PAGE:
Back in July, "Power Tips for WordPress Template Developers" presented 8 basic techniques for adding popular features to the front end of a WordPress-powered website. The premise was that WordPress has become an elegant, lightweight content management solution that offers the fundamentals out of the box, atop a modular core that offers incredible potential in the hands of a capable developer.
WordPress does not try to be an "everything to everyone" CMS right out of the box. Many systems do an average job incorporating 99% of what the potential CMS market might need, even if the last 15-20% is used only by a fraction of the market and adds considerably to the system’s overall "heft" (or bloat). At the other end of the spectrum are completely custom solutions that are finely tailored to exact needs, at the cost of reinventing wheels like polished content editing with media management and version control.
That previous "Power Tips" entry scratched the surface, covering a handful of API calls mixed in with some simple PHP code and configuration tips intended to help beginner WordPress template developers kick their game up a notch. This article takes power tips to the next level, expanding on some of the topics in the first article, and introducing more advanced techniques and methods for customizing not only the front end, but the content management (or back end) experience.
High quality free Wordpress Themes have become harder and harder to find in the past year, with the influx of premium themes, more and more designers and developers are selling themes (and rightly so, they do amazing work). However, the quality of freely available themes has improved as well; in fact, some themes are very advanced and professional and can serve as a solid foundation for your next designs.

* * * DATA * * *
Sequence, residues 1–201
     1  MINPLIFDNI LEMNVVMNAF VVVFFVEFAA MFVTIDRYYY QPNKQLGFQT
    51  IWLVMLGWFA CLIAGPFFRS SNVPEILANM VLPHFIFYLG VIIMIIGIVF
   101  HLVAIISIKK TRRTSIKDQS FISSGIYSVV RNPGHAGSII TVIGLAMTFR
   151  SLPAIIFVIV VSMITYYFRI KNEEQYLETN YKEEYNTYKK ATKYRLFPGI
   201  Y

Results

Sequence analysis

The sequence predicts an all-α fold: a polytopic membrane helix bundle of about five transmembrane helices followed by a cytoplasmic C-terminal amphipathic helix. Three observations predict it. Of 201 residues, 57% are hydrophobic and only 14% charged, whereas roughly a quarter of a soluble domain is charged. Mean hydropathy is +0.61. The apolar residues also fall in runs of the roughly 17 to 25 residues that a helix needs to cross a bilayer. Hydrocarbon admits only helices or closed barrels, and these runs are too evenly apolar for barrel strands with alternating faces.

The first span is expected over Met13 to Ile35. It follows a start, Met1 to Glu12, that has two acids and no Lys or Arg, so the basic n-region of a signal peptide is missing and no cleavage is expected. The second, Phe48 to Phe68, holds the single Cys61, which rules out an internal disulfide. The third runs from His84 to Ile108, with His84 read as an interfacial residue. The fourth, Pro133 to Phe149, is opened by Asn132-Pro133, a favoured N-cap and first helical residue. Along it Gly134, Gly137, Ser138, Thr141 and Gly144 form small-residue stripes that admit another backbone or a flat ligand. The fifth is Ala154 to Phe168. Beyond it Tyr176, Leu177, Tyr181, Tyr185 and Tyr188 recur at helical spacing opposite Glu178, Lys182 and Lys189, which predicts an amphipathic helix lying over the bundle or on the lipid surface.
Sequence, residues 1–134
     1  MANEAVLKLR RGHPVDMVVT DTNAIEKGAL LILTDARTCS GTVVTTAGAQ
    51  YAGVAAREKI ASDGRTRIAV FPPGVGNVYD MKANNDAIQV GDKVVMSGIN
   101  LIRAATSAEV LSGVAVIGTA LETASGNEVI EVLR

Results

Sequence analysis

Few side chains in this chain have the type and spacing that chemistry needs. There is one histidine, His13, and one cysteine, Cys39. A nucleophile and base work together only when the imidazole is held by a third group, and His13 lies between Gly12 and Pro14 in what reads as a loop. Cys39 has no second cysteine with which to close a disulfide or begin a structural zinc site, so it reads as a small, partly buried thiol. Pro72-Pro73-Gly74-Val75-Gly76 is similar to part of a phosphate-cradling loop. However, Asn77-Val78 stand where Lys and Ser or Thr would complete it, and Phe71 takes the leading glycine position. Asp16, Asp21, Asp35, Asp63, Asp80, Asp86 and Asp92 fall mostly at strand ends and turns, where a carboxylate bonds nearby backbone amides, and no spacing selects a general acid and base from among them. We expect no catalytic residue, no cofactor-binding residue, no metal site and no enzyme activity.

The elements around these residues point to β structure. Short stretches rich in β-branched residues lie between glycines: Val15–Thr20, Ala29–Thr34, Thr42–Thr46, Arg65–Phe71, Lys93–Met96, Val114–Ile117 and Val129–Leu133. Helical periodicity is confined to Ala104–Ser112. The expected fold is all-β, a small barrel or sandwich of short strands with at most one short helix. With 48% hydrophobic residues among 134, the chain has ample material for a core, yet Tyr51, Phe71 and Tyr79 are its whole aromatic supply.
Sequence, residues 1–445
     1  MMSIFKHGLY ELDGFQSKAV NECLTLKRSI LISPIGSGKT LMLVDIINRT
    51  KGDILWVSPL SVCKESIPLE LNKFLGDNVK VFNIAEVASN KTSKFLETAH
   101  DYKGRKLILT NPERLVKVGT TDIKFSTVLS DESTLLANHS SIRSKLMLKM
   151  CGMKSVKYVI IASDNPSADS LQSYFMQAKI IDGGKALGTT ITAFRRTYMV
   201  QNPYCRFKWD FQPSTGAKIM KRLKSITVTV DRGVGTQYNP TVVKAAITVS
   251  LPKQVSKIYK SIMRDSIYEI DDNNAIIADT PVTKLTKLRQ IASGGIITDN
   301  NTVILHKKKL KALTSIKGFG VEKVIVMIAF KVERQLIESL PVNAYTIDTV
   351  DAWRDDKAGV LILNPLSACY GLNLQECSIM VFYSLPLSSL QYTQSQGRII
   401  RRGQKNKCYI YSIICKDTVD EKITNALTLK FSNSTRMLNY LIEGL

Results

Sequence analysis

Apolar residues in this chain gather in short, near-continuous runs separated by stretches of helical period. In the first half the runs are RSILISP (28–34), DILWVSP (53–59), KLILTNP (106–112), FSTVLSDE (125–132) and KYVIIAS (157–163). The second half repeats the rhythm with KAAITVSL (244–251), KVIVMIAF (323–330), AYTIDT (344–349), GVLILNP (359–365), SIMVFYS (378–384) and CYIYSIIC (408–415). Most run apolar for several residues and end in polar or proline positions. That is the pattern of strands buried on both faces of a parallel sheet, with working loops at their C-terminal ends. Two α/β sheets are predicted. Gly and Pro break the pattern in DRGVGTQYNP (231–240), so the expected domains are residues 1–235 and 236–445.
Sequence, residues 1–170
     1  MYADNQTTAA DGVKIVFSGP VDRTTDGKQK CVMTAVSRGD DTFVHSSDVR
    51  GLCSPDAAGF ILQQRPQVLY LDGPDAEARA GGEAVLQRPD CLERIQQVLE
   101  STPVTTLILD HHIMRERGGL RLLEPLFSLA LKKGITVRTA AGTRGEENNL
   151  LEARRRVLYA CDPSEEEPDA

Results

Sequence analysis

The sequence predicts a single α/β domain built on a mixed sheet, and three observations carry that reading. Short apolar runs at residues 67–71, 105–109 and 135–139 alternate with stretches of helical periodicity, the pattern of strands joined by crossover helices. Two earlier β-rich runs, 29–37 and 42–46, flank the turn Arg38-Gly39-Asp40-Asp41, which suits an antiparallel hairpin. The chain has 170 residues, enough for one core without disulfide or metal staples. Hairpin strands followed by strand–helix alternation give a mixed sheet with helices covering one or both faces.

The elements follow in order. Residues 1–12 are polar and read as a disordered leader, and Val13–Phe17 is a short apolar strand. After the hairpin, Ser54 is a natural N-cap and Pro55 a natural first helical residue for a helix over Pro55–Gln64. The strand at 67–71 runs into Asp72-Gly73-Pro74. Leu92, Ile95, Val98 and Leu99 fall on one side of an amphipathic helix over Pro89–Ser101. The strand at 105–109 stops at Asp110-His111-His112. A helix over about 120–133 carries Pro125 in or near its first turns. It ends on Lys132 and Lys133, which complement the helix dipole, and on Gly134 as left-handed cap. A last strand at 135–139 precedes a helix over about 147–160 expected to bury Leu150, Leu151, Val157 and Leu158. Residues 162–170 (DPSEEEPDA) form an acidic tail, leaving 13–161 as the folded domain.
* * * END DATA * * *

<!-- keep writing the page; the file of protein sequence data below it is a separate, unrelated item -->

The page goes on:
There are a lot of choices out there for someone wanting to choose a Wordpress theme for their blog. But, that aside, the quality is certainly there, and we are sure you will be impressed with this Wordpress theme compilation.
You may be interested in the following related posts:
Since last year, the WordPress themes market has grown incredibly. The reason? Great designs, of course, but also a lot of amazing new functionality. Top WordPress developers are always looking to get the most out of WordPress and use all of their knowledge to find ways to make their favorite blogging engine even more powerful.
In this article, we have compiled 10 useful WordPress code snippets, hacks and tips to help you create a WordPress theme that stands out from the crowd.
You may be interested in the following related posts:
Facebook is one of those Web phenomena that impress everyone with numbers. To cite some: about 250 million users are on Facebook, and together they spend more than 5 billion minutes on Facebook... every day. These numbers suggest that we should start thinking about how to use Facebook for blogging or vice versa.
We did some research to find out how the integration of Facebook with WordPress and vice versa works, or — in other words — how you can present your WordPress blog on Facebook or use the functionality of Facebook on your WordPress-powered blog. Both of these can be achieved with a set of WordPress plug-ins, a couple of which we'll present here in detail.
Hooks are very useful in WordPress. They allow you to "hook" a custom function to an existing function, which allows you to modify WordPress' functionality without editing core files. In this article, we have compiled 10 extremely useful ready-to-use WordPress hooks, along with examples and coding explanations.
What is a hook? To achieve a particular effect on a WordPress blog, you have to modify how WordPress works. Some of these modifications are made to what WordPress developers call "core files," files required by WordPress to work properly.